Asia - Pacific

Kashmir on flood alert after days of rains

Authorities issue advisory after region’s largest river breaches danger mark

Hilal Mir   | 22.06.2022
Kashmir on flood alert after days of rains Residents look on as flood waters enter houses after incessant rainfall in Bemina area of Srinagar,Kashmir on June 22, 2022. ( Faisal Khan - Anadolu Agency )

SRINAGAR, Jammu and Kashmir

Authorities in Indian-administered Kashmir sounded a flood alarm in the capital Srinagar after the region’s largest river breached the danger mark.

The warning comes with advice to people living near large water bodies to remain vigilant, while locals have been cautioned against venturing near uphill streams that are susceptible to flash floods.

Three days of incessant rains led to the overflowing of the River Jhelum and its tributaries. Several low-lying areas of Srinagar were inundated.

The unrelenting rains, which stopped only in the afternoon, led the government to close all schools up to grade 10 for the day. At 15 degrees Celsius (41 degrees Fahrenheit), Tuesday was the coldest recorded June day since 1975, according to the weather department. This temperature is usually experienced in February in Kashmir.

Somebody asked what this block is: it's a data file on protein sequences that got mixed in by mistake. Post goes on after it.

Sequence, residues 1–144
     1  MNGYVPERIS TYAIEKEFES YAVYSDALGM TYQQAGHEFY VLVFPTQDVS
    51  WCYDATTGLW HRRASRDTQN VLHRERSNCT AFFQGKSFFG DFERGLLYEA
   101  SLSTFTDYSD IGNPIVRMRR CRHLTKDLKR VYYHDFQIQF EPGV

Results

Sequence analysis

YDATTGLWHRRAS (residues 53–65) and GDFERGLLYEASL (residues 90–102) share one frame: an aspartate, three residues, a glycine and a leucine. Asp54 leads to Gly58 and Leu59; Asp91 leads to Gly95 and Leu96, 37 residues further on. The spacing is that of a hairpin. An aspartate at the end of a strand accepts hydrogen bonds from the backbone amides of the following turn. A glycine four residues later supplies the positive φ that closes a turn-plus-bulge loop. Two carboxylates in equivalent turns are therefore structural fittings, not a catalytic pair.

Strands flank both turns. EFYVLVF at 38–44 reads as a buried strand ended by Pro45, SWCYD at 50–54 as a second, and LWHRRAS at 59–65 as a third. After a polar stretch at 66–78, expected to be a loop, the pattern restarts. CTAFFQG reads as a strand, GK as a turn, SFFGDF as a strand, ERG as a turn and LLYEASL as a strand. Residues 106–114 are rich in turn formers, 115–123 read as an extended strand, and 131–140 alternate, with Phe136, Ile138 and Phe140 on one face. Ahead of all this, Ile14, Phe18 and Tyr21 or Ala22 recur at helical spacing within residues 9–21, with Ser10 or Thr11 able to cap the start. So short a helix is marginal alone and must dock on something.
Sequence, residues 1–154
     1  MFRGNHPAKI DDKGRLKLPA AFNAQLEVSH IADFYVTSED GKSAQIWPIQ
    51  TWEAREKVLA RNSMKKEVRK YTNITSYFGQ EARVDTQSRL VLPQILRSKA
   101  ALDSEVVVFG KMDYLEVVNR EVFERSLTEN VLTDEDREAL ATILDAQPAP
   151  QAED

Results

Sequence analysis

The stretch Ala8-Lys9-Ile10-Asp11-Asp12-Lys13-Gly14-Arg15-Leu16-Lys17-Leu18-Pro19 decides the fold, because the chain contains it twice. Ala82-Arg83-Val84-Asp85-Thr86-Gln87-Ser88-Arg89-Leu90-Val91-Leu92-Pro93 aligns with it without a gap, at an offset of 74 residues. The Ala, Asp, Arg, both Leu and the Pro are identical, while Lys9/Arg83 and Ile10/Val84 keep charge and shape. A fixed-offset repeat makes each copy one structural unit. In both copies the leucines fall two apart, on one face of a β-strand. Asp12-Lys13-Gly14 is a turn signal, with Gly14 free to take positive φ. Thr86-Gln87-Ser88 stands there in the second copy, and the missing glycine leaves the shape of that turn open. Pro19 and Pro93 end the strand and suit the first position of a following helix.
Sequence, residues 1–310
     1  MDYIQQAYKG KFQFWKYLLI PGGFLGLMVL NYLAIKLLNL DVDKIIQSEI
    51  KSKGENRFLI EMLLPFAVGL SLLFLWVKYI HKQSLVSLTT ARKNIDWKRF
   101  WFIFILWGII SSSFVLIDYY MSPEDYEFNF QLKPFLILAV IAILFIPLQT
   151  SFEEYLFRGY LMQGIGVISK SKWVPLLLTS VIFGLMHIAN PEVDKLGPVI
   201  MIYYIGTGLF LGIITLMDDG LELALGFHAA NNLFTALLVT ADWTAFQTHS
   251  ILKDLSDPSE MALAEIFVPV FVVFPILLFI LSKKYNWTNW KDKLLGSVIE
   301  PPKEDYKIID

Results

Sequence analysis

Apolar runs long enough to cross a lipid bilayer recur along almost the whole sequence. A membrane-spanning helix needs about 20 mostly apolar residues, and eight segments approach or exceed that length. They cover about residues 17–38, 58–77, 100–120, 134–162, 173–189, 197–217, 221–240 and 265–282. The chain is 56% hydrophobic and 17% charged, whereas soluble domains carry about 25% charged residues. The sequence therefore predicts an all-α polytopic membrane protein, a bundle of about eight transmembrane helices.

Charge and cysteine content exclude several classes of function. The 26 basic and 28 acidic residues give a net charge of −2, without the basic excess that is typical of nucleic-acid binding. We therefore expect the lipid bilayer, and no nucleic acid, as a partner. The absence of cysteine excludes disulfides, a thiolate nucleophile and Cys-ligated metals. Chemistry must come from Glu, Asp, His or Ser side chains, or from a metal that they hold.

In the Bemina area, women were seen crying as they watched water from an overflowing stream enter houses and wash away household goods, the images reminiscent of a devastating flood in 2014 that submerged nearly the entire city for more than a fortnight and caused damages worth millions of dollars.

The region’s Irrigation and Flood Control Department said the continued rainfall has caused landslides and flash floods at several “vulnerable places, mainly in hilly areas.”

The department advised people to travel on the two key highways only after confirming the status of traffic from the authorities concerned.

Landslides along these highways caused by rainfall often lead to their closure for hours, denying people the only road link to the outside world.

The weather is expected to improve from Thursday and the flood threat is also likely to recede.

Reckless urbanization has led to the blocking of traditional water channels in the region, while the construction of residential houses in low-lying agricultural areas has increased the flood threat.

The 2014 flood was blamed on these unplanned constructions and an unprecedented water buildup in hilly streams caused by unseasonal rainfall for several days in the month of September.

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